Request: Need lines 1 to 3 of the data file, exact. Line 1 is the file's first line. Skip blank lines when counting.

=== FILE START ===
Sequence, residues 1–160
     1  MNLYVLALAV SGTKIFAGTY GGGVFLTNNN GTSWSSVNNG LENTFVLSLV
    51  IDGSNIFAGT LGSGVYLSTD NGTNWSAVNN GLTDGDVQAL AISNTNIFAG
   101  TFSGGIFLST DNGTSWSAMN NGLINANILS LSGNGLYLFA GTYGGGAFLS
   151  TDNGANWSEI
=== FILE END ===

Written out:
Sequence, residues 1–160
     1  MNLYVLALAV SGTKIFAGTY GGGVFLTNNN GTSWSSVNNG LENTFVLSLV
    51  IDGSNIFAGT LGSGVYLSTD NGTNWSAVNN GLTDGDVQAL AISNTNIFAG